As Americans woke up this morning to what’s sure to be an election slog, high-end retailers have boarded up their storefronts (not without being made fun of online) and closed up shop in anticipation of protests from both sides of the political spectrum. One prominent company doing so? Waymo, who has reportedly shuttered its self-driving car operation in San Francisco.
According to The Verge, the autonomous vehicle company, an Alphabet subsidiary that launched a self-driving taxi service in-and-around Phoenix just last month, packed away its San Francisco fleet on Election Day and on Wednesday, November 5. In emails, Chris Cheung, general manager at the fleet’s operations vendor Transdev, said that the decision to store their cars was made “out of an abundance of caution ahead of some of the planned protests around the general election.”
Instead, the entire fleet has been driven (by humans) to a secure facility in Mountain View, California, and the drivers reimbursed to take cars back to their personal vehicles. AV testing will continue in Mountain View and in Waymo’s Phoenix markets.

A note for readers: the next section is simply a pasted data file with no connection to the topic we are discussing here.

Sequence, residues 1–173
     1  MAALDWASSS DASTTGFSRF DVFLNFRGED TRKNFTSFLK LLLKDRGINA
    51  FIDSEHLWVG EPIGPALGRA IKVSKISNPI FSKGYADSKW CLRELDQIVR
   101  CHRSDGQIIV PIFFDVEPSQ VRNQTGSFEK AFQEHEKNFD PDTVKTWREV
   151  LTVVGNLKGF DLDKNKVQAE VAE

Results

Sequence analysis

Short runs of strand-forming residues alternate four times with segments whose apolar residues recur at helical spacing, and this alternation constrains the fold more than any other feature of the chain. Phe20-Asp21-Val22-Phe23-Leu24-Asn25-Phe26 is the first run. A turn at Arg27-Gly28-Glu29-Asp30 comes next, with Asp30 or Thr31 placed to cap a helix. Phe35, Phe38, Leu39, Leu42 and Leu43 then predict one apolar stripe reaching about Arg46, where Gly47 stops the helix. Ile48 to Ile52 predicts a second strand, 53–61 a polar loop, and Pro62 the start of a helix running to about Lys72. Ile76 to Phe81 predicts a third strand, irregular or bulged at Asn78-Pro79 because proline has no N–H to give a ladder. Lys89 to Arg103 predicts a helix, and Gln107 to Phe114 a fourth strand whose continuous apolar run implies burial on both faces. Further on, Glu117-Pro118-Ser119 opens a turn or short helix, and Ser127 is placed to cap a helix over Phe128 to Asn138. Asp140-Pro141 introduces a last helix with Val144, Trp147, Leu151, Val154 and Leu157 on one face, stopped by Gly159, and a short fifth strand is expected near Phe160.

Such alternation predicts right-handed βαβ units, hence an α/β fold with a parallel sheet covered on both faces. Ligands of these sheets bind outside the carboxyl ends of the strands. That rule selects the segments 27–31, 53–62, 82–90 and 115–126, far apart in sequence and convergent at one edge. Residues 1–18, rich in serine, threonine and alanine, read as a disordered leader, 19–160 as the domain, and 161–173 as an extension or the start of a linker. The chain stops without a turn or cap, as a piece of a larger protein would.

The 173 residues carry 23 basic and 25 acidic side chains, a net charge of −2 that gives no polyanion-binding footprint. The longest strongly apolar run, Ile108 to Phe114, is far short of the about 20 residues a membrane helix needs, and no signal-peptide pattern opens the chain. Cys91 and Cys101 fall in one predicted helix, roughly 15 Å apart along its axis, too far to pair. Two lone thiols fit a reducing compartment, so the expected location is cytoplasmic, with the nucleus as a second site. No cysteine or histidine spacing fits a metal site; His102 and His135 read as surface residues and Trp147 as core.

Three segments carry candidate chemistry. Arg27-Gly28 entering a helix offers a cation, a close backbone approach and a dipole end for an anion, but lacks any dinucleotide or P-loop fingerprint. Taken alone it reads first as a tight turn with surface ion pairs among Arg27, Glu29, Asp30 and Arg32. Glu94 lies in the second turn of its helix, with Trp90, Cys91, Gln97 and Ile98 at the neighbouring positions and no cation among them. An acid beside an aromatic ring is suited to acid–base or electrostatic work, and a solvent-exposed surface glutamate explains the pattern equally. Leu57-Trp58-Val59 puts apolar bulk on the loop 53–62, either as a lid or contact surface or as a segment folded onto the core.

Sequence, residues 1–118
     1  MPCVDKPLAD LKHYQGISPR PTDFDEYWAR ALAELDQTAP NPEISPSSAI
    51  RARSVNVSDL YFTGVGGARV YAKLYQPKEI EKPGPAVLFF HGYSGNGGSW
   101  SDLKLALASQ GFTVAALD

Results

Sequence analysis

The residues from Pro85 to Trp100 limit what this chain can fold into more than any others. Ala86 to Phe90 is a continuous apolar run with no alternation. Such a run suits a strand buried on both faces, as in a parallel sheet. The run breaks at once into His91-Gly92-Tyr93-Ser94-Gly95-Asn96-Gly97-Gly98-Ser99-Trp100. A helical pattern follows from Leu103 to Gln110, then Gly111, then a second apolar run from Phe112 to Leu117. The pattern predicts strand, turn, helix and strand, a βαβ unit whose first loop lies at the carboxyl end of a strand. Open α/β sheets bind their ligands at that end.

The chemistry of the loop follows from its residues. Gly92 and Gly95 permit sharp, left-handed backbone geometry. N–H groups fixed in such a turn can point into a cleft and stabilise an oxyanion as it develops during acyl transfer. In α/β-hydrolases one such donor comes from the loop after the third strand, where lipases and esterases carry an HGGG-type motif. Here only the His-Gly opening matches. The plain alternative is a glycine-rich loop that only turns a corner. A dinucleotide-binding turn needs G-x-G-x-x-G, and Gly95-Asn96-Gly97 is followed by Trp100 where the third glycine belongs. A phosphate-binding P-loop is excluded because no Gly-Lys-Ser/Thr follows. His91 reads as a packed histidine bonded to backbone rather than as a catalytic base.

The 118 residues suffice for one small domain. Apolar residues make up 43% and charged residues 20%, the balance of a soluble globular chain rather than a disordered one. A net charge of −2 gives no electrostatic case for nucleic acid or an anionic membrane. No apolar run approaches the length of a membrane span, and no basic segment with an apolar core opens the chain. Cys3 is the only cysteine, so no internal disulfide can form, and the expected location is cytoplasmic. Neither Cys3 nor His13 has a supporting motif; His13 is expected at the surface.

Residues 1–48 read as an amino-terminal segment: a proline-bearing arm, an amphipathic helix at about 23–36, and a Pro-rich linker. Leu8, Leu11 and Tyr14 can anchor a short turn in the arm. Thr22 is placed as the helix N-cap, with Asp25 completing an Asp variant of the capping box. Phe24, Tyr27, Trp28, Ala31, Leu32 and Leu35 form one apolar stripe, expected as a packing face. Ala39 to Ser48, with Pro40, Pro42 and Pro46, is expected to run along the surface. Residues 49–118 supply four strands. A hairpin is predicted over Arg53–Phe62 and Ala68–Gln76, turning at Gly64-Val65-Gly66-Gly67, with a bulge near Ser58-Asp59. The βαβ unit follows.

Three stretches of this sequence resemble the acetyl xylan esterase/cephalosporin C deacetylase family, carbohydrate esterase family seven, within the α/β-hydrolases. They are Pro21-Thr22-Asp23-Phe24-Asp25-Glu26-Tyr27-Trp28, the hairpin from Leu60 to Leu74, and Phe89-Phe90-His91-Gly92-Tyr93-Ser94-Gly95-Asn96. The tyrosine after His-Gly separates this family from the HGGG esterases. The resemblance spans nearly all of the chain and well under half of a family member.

This all raises the question of “why shutdown service in San Francisco, though?” The reasoning is likely threefold: If violence breaks out in the streets, Waymo will want to prevent damage to its cars (as was the case when people attacked them in 2018), to keep its vehicles from hitting people in the streets, and perhaps most nefariously, to deprive protestors of transportation to areas of projected unrest.
Waymo is staying tight-lipped, but as CNN reports, it’s far from the only transportation company restricting access to areas of possible strife. Cruise, GM’s comparable self-driving program, is also planning on shutting down operations in San Francisco. In Portland, Oregon, the government will reportedly geofence off sections of downtown that have seen heavy protesting to stop bike and scooter-sharing services—a smaller-scale portent of what could happen if self-driving cars become the norm.
In Seattle, the government is similarly working to remove publicly-available scooters and bikes from city streets, and in Chicago, Mayor Lori Lightfoot has floated the nuclear option: shutting down all transit if things get out of hand. This wouldn’t be the first time, as access to downtown Chicago was strategically blocked off during a summer of protests against racial injustice and police brutality.